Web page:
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A coalition of pro-Palestinian organizations is demanding that the Royal Ontario Museum close a Dead Sea Scrolls exhibit that opened last month, saying Israel looted the "Palestinian artifacts" during the Six Day War.
Toronto's Palestine House and the Coalition Against Israeli Apartheid say the "Words that Changed the World" presentation is illegal.
When the museum refused to cancel the exhibit, which runs through January 3, the NGOs instead asked it "to release to the public and publish on its Web site the legal opinion that it obtained and on the basis of which it decided to go ahead with this exhibit," Palestine House said in a statement
The organizations are asking the museum to seek an opinion from UNESCO on the legal and ethical issues involved in the exhibit.
"We do not object to the Dead Sea Scrolls being accessible to the public,"
the statement continues. "The issue we raise relates to Israel's looting of Palestinian artifacts and the ROM's complicity by lending legitimacy to it by hosting the exhibit."
These issues cumulated in a protest outside of the museum by anti-Israel activists on Friday. There were no more than 30 protesters, most of them Jews from the Not in Our Name organization, according to Sally Szuster of the United Jewish Appeal Federation of Greater Toronto.
"The pickets will continue and the campaign will escalate," said Rafeef Ziadah, the media spokeswoman for the campaign.
According to Palestine House and the Coalition Against Israeli Apartheid, the Israeli government obtained the scrolls through looting and force during the Six Day War.
The scrolls were discovered between 1947 and 1956 in 11 caves in the Qumran area, along the northwest shore of the Dead Sea. Prior to 1967, they were housed in the Rockefeller Museum in eastern Jerusalem. After the Six Day War, the scrolls were moved to Shrine of the Book at the Israel Museum.
"Neither the location of the discovery, nor the location of the [Rockefeller] museum are, or ever were, under Israeli sovereignty. The seizure of the scrolls was illegal under international law," according to a press release.
The Jewish community is not taking this accusation lightly.
There have been calls in both the Jewish community and the non-Jewish community to buy tickets to see the exhibit. According to a mass e-mail circulated among the Jewish community, the hope is that a surge in ticket sales will make a strong public statement. Sales are currently very strong.
"[The accusation is] part of an ongoing effort to deny the continuous Jewish presence in Israel. The Dead Sea Scrolls provide incontrovertible proof of the historical facts that underpin the legitimacy of Israel as a Jewish state," David Koschitzky, chairman of the UJA Federation of Greater Toronto, wrote in the e-mail.
"As such, they pose a threat to the ongoing attempts to obscure the unique relationship of the Jewish people with the land of Israel. We are informed that the government of Ontario and the ROM have ensured that Canadian laws regarding cultural property have been fully respected."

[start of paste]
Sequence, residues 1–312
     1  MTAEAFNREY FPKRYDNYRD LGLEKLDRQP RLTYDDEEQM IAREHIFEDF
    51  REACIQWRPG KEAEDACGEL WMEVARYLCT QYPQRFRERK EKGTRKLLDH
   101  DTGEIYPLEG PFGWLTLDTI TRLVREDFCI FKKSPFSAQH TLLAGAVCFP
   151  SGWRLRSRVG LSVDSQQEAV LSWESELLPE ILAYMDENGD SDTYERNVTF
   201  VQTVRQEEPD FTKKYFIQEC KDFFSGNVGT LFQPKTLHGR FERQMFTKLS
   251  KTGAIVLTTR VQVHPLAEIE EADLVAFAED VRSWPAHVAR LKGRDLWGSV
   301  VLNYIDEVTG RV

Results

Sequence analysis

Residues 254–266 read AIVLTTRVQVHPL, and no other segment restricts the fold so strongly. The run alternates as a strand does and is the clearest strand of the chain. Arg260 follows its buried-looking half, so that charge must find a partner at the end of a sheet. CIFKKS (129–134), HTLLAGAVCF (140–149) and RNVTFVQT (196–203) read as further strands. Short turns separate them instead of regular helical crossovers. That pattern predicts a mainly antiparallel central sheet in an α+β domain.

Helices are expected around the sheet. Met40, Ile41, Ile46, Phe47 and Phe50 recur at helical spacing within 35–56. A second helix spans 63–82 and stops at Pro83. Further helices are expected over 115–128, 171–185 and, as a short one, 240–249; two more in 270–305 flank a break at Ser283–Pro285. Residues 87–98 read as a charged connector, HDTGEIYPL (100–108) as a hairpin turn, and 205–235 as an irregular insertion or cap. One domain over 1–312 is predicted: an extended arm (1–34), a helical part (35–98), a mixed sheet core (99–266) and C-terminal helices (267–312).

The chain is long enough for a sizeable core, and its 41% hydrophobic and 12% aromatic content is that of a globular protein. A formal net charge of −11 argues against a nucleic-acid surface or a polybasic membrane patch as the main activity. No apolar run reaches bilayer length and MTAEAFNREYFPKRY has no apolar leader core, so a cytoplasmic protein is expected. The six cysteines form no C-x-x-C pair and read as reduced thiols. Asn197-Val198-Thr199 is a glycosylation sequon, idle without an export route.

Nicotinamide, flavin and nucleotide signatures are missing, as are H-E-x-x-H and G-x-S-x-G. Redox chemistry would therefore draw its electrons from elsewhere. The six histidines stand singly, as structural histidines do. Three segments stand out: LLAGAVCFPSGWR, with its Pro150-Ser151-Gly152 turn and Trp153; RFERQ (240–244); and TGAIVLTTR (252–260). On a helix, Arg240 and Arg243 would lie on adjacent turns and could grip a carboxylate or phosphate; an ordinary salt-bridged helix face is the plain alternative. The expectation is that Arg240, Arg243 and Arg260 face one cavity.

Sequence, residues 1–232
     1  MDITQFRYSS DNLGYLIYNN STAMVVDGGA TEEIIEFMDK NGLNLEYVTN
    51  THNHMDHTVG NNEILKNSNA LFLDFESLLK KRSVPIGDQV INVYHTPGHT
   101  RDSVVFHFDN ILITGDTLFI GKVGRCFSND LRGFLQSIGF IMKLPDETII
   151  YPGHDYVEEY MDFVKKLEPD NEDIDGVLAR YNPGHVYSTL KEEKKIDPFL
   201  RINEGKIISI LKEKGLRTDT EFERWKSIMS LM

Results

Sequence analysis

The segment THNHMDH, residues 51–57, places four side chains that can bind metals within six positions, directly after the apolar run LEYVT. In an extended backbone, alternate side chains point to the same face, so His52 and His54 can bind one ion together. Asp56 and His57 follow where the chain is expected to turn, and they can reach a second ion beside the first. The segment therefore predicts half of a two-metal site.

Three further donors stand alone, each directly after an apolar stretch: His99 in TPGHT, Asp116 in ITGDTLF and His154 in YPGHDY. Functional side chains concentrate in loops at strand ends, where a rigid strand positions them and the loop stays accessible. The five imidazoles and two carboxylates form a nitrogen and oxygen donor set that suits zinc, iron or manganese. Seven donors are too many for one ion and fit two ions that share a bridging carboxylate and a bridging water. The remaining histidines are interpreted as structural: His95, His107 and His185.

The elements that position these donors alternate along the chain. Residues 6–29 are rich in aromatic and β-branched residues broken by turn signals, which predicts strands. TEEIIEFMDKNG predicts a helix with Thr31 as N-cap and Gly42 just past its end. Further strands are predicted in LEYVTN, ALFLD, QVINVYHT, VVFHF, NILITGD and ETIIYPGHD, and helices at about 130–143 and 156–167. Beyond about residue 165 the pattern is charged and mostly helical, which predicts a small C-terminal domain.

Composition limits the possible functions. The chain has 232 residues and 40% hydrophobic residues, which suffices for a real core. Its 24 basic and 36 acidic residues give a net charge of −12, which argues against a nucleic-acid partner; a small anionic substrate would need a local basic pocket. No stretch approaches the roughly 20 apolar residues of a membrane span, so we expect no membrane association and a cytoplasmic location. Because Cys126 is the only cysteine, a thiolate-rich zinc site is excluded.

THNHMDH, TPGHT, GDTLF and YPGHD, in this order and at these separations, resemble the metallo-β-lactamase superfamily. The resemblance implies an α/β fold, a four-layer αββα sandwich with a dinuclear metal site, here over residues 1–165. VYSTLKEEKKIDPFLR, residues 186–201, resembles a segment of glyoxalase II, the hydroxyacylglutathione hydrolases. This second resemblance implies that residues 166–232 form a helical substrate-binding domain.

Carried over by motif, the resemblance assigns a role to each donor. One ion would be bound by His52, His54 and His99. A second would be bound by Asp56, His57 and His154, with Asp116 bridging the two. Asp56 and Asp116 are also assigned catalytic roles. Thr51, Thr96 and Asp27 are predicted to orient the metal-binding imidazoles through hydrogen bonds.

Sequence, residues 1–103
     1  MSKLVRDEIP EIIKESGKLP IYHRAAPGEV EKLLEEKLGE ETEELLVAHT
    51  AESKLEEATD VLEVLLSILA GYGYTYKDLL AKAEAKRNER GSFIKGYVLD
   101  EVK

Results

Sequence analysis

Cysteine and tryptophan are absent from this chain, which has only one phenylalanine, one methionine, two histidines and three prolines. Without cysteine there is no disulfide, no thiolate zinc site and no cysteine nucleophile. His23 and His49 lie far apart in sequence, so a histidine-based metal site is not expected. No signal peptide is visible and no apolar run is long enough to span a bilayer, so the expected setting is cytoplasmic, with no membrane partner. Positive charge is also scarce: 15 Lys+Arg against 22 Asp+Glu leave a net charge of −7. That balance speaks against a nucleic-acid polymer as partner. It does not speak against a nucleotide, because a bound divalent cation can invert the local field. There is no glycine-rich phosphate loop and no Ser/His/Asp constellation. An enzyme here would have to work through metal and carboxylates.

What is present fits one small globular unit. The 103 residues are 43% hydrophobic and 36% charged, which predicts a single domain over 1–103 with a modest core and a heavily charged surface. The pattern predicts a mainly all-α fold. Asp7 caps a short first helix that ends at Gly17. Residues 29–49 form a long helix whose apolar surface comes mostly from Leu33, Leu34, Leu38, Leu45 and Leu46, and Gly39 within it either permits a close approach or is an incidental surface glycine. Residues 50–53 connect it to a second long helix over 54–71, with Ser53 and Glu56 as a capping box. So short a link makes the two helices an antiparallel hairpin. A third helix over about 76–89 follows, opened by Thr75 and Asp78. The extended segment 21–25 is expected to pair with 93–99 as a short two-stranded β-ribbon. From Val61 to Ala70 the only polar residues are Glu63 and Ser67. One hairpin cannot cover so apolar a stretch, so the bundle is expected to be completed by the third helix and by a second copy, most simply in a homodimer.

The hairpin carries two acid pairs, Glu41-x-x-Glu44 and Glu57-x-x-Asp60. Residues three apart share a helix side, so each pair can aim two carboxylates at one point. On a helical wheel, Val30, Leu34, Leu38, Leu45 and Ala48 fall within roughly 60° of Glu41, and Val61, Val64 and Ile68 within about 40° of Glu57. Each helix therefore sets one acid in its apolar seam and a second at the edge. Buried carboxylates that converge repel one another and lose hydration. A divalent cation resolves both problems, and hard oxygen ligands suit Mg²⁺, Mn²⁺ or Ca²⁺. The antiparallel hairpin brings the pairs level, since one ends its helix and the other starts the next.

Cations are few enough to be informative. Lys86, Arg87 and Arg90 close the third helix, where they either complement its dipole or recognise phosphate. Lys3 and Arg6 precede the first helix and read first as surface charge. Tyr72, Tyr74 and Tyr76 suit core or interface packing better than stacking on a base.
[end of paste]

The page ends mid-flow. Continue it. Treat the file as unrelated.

Palestine House isn't the only one fighting against the exhibition. Frederic Geisweiller, the owner of a French bistro in Toronto, used his restaurant's Web site to post his views about the acquisition of the Dead Sea Scrolls. Like Palestine House and the coalition, Geisweiller said Israel looted them.
"Although we endeavour in this page to bring you the best this city offers, we wish - uncharacteristically - to warn against a show whose artifacts were obtained by force and looting," Geisweiller wrote on his Web page, though he took it down a week after it was posted.
Len Rudner, Ontario's regional director for the Canadian Jewish Congress, said he had received roughly two dozen e-mails about Geisweiller's comment. Conversations have cropped up on many online forums, including restaurant review sites, discussing what should be done.
In Geisweiller's comment, he wrote that he used "Wikipedia as a source" while discussing the nature of the 1967 war.
Vicky Tobianah, a student from Toronto studying at McGill University in Montreal, wrote a letter that was published in the Toronto-based National Post daily.
"If [Wikipedia] is the best defense [Geisweiller] can come up with, I do not see why people even bother attempting to demonstrate why his comments were inappropriate," Tobianah wrote.
She went on to explain that "as a political science student at McGill University, we are not allowed to cite Wikipedia as a source; my professors have relentlessly stressed that it reflects badly on the students. If Mr. Geisweiller acquires his historical knowledge from a Web site that anyone can change as they see fit, that only shows us the extent of his ignorance."
Prior to the uproar, local Jews were looking forward to the exhibition.
"We want to send an unequivocal message that our community celebrates the Dead Sea Scrolls as part of our cultural and spiritual heritage," Koschitzky wrote in an earlier e-mail. "Any attempt to deny Israel's historic presence in Israel from at least the time of the Dead Sea Scrolls - 2,000 years ago - will not be successful!"
The exhibition (www.rom.on.ca/scrolls) includes 17 of the Dead Sea Scrolls, four of which are on public display for the first time.
They include the Book of War Scroll, the Messianic Apocalypse Scroll, and a section from Genesis that tells the story of Potiphar's wife's attempt to seduce Joseph.
Along with the scrolls, Jewish and Roman artifacts from a variety of locations including Qumran, Jerusalem and Sephoris (Tzipori) are on display.
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